5 Famous Ghost Towns in America

By Audrey W. | Arcadia Staff
From the late 1800s through the mid-1900s, pockets of towns sprouted across the country where gold or other precious metals had been discovered. The reasons the towns were eventually abandoned vary. Economic activity failed, natural disasters, pollution, uncontrollable lawlessness, and droughts were common causes. The buildings of these towns have largely been unperturbed by the elements, thus turning them into attractions for those wanting to glimpse into an era of American history. These are 5 of the most famous ghost towns in America that you can still visit.

One of the first photos of Bodie’s Main Street.Bodie, California

Bodie became a boom town in 1876, after a discovery of gold had people flocking to the area. It’s located in the Bodie Hills, just east of the Sierra Nevada mountain range. Gold was initially discovered in 1859 by a group of prospectors. Of them was a man named W.S. Bodey, for whom the town was named after he perished in a snow storm. By 1879, Bodie had a population of 6,000. It’s estimated that the mines here produced $34 million in gold. Bodie began deteriorating in 1912. The local newspaper, The Bodie Miner, saw its last printing and in 1917, the Bodie Railway was lost. By 1942, the last mine was shut down due to the closure of many nonessential mines across the country during World War II. In 1962, the town was officially established as a California Historic Landmark. Today, Bodie remains a popular place for tourists to visit.

St. Elmo, Colorado

St. Elmo sits in the center of the Sawatch Range, a high and far-reaching mountain range in Colorado. It was first established in 1880 when gold and silver were discovered in the area. At its peak, St. Elmo had a general store, post office, bars, dancing halls, 5 hotels, and a schoolhouse. Three railroads crisscrossed the land, bringing people from far and wide to this little settlement. The Mary Murphy Mine was the most successful, revealing over $60,000,000 in gold. It continued operation until 1922 when it was shut down. Today, St. Elmo is still inhabited but is considered a ghost town. Sadly, a fire in 2002 destroyed the town hall and several other buildings. Buena Vista Heritage is currently rebuilding the town hall to its original state.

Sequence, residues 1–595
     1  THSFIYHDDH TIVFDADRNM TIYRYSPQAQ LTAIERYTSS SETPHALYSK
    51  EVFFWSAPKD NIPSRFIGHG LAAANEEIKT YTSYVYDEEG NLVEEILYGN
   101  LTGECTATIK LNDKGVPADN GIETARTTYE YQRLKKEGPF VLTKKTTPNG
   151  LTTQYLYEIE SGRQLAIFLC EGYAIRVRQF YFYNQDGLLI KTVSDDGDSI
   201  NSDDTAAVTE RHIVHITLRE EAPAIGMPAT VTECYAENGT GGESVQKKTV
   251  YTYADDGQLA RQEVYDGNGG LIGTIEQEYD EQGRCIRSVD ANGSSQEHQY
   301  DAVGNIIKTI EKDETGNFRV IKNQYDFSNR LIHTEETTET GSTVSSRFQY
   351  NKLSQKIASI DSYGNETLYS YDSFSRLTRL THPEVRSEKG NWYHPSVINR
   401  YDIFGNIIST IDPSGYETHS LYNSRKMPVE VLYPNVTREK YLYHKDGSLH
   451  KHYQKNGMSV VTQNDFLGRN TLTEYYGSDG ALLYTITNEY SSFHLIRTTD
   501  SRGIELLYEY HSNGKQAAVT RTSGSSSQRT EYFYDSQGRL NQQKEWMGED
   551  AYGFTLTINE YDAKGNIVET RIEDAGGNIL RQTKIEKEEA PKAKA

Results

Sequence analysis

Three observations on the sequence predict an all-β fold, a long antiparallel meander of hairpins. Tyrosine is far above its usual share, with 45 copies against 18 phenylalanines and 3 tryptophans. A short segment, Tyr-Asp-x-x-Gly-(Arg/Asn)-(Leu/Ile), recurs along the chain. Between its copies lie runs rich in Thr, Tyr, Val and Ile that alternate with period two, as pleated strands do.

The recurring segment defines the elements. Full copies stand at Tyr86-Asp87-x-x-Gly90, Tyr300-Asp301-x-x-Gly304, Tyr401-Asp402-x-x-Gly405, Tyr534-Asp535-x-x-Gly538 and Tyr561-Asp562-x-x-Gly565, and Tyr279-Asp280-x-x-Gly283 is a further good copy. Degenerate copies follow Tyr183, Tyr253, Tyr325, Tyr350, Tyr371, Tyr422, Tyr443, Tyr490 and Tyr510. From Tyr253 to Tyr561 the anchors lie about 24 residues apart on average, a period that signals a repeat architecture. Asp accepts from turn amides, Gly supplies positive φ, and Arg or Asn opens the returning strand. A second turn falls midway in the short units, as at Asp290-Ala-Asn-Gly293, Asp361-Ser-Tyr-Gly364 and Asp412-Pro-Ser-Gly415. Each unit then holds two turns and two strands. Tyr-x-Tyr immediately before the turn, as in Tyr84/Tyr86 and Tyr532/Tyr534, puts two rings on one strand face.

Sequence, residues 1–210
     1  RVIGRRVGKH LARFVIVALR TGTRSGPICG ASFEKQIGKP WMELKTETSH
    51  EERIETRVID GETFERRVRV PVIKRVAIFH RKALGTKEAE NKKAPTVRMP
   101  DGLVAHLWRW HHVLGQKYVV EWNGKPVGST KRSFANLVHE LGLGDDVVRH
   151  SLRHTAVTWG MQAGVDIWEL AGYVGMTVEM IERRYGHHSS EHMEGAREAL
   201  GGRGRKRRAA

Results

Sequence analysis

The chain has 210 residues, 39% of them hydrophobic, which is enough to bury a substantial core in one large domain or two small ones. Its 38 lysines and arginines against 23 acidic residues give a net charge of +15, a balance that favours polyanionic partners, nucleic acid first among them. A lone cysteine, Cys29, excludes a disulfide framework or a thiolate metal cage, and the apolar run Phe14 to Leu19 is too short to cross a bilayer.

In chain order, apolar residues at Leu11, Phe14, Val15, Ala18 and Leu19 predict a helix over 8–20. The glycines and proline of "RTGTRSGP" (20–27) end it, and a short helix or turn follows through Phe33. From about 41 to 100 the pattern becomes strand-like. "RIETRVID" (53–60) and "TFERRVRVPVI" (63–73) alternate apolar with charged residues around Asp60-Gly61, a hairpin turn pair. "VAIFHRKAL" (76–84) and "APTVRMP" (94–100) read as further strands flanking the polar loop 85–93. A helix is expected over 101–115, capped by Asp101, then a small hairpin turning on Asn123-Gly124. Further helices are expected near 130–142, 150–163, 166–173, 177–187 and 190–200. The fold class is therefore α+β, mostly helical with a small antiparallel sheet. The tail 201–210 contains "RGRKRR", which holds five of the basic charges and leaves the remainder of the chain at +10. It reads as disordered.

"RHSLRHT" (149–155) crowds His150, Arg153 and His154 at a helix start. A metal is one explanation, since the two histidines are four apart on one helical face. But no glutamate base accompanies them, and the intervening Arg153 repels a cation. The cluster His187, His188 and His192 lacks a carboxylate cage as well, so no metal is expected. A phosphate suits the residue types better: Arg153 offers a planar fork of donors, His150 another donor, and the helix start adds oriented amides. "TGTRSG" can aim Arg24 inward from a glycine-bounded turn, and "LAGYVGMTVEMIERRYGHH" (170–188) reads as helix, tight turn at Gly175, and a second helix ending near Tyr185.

Upper Main Street in Goldfield.Goldfield, Arizona

Civilization arose in Goldfield in 1892, when gold was found in the area. It sits on a small hill nestled between Superstition Mountain and the Goldfield Mountains. The stories that first drew minors to the area were largely just that – the legend of the Lost Dutchman Mine enchanted the minds of prospectors everywhere. Over the course of a few years, Goldfield had a blacksmith, general store, brewery, school, and butcher shop. Goldfield’s prosperity was cut short when the gold mines started emptying. Five years after it was first established, Goldfield became a ghost town. Today, visitors can wander the preserved old buildings and take an underground mine tour.

Nevada City, Montana

In the 1880s, Nevada City, along with its neighboring Virginia City, was known to have the “Richest Gold Strikes in the Rocky Mountain West.” Nevada City was first settled in 1863 by miners. They built homes and businesses in Alder Gulch, and by 1865, the city had a governing political body. Then, in 1896, the Conrey Placer Mining Company was enlisted to dredge the gulch which forced them to destroy much of Nevada City’s construction. What remained of the original buildings was preserved and offered to the public as a place to learn about the history in the area.

A stone marker at the site of Old Cahaba.Cahaba, Alabama

On November 21, 1818, Cahaba was selected as the temporary state capital of Alabama while the future capital was being developed. The town was laid out on a grid system, and upon its creation, each of these grids was auctioned off to the highest bidders. However, due to its lowland location between two rivers, Cahaba experienced frequent flooding. Heavy mosquitoes made locals complain that the state capital should be moved, and in 1826 they got their wish. A railroad was built through the area in 1859, and a cotton crop boom helped stimulate growth. By the start of the American Civil War, Cahaba had 2,000 residents. The state of Cahaba turned after the Civil War closed. By 1870, the population had declined to 431, and by the early 1900s, a freeman bought the town for $500, had most buildings demolished, and sold for scraps to help build up nearby communities. The town was added to the National Register of Historic Places in 1973 and remains open to the public today.
Ghost towns across the United States offer their visitors a glimpse into a slice of American history. Their stories of boom and bust help explain the economic pressures of the time. Visitors can explore their pristinely preserved buildings or even wander the old mines to broaden their understanding of the history of the area.